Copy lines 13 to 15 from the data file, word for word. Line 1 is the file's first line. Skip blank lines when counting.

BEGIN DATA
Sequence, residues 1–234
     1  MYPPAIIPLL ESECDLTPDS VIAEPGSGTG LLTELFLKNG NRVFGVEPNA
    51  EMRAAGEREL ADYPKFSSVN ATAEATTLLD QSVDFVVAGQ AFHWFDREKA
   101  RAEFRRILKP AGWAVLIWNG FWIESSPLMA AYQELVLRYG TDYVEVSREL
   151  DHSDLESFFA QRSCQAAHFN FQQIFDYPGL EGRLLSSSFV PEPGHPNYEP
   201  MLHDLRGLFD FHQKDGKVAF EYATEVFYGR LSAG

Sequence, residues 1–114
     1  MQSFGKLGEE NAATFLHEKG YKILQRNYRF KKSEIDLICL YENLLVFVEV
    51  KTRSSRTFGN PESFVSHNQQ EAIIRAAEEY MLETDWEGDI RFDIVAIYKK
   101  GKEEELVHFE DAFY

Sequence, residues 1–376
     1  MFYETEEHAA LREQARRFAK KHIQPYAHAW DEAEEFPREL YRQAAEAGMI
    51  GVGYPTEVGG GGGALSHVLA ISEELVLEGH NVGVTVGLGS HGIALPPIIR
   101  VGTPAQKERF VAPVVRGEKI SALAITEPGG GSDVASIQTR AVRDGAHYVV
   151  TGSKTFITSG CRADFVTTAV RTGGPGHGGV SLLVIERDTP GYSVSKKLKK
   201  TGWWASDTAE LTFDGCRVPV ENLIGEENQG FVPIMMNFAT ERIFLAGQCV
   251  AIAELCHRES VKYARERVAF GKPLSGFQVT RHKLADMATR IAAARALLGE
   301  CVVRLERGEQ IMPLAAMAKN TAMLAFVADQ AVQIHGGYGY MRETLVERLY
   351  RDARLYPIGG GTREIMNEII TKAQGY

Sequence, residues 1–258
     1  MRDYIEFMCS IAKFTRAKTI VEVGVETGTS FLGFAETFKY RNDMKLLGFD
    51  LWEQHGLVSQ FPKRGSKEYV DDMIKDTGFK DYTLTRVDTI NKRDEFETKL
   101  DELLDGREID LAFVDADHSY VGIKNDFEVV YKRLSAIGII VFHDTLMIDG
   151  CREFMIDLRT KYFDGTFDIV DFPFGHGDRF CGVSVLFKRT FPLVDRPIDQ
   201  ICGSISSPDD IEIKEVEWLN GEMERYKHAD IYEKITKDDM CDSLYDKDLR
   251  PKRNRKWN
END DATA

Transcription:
    51  GVGYPTEVGG GGGALSHVLA ISEELVLEGH NVGVTVGLGS HGIALPPIIR
   101  VGTPAQKERF VAPVVRGEKI SALAITEPGG GSDVASIQTR AVRDGAHYVV
   151  TGSKTFITSG CRADFVTTAV RTGGPGHGGV SLLVIERDTP GYSVSKKLKK